I asked City Council member Jan Perry, a candidate for mayor of Los Angeles, if she was on a spiritual quest when she converted to Judaism. “Right,” she replied. “Your question is a good way to put it.”
Much of the debate in the San Fernando Valley contest between Reps. Howard Berman and Brad Sherman has revolved around their congressional records, but I’m having trouble deciphering them. And if it’s hard for me, after spending years writing about legislation, pity the interested voter. In their years in Congress — 29 for Berman, 15 for Sherman — they have cast many votes and introduced bills, either as a main author or collaborator. Because there’s a public record of this activity, you’d think it would be easy to look it up, rather than rely on the candidates’ speeches, charges and counter charges.
When Morrie Stanley Mosk decided on a political career, he began referring to himself as M. Stanley Mosk and then Stanley Mosk. It was the 1940s and ’50s, and anti-Semitism was much more virulent than it is today. Mosk feared his Jewish name would hurt his chances of being elected.
In a city where some of the very rich are willing to pay $1 billion-plus for the bankrupt Dodgers baseball team, why can’t anyone spare $500,000 to support an Academic Decathlon program that brings luster to the often criticized Los Angeles Unified School District (LAUSD)?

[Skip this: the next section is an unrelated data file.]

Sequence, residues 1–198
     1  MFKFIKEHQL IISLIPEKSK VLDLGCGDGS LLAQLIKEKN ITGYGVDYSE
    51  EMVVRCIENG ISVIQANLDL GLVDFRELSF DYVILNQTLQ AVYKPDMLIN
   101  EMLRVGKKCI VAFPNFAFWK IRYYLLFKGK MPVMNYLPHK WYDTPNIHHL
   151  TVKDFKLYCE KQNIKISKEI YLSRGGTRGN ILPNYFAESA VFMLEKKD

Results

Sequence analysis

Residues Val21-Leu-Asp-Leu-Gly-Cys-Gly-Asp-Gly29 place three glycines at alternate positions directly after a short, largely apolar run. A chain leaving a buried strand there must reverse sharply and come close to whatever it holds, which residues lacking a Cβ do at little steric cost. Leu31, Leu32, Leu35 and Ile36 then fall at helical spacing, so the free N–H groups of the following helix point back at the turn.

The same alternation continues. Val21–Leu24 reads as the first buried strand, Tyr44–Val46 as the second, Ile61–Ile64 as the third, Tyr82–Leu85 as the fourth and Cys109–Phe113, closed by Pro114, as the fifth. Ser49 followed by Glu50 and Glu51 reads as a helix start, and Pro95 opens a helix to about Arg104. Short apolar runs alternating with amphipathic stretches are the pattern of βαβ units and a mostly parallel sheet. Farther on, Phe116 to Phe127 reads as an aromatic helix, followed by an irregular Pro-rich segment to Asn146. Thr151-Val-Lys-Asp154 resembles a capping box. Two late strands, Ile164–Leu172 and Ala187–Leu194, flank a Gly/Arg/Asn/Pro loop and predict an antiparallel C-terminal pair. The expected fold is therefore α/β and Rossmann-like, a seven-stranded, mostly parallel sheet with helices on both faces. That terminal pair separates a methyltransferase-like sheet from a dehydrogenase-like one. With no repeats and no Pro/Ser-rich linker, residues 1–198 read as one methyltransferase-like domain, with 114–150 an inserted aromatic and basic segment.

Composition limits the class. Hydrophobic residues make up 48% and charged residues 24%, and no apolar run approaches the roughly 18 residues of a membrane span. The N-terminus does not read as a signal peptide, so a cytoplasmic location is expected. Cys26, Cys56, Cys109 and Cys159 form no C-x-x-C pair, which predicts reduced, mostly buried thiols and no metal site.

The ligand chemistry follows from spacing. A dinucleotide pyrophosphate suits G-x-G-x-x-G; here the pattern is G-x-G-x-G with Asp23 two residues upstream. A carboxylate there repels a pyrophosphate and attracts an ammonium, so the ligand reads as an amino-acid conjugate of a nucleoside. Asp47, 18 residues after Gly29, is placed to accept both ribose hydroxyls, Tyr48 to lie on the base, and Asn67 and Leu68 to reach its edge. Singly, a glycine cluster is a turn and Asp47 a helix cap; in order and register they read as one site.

Always interested in the gritty and unpredictable side of participatory politics, I dropped in on Reps. Howard Berman and Brad Sherman, both of whom are vying to represent the newly reconfigured 30th congressional district, as they each hosted community meetings at San Fernando Valley schools last week.
No doubt Reps. Howard Berman and Brad Sherman will be confronted with questions about Iran as they campaign in the new West San Fernando Valley 30th Congressional District. Iran is likely to come up as they speak at meetings and debates and through the online messages and mailings that will besiege voters in the expensive, high-profile battle between these two candidates with remarkable similarities in their views and even their names.
The race for the “Who Loves Israel Most” title has been one of the most interesting developments in the Republican presidential election. It’s skewed the contest in a way that turns every vote for a candidate into a vote for Israeli Prime Minister Benjamin Netanyahu and his Likud Party.
As I stopped at the sukkah in the Occupy L.A. encampment outside City Hall, I thought of the Jews’ role in the upcoming presidential election, which will be taking place amid a recession and doubts about President Barack Obama’s attitude toward Israel.
Rep. Brad Sherman doesn’t intend to follow Rep. Henry Waxman’s advice to give up his San Fernando Valley congressional race against Rep. Howard Berman.
The Howard Berman-Brad Sherman story is loaded with angles — Jewish, Latino and, what may be most important, financial.
Los Angeles’ new school superintendent, John Deasy, says one of his top goals is to persuade middle-class families, including Jewish parents, to return to the Los Angeles public schools. “It’s one of the major projects I have to deliver,” he said.
“A great school is an anchor for a neighborhood,” Los Angeles Mayor Antonio Villaraigosa said. “A great school district is an anchor for a great city.”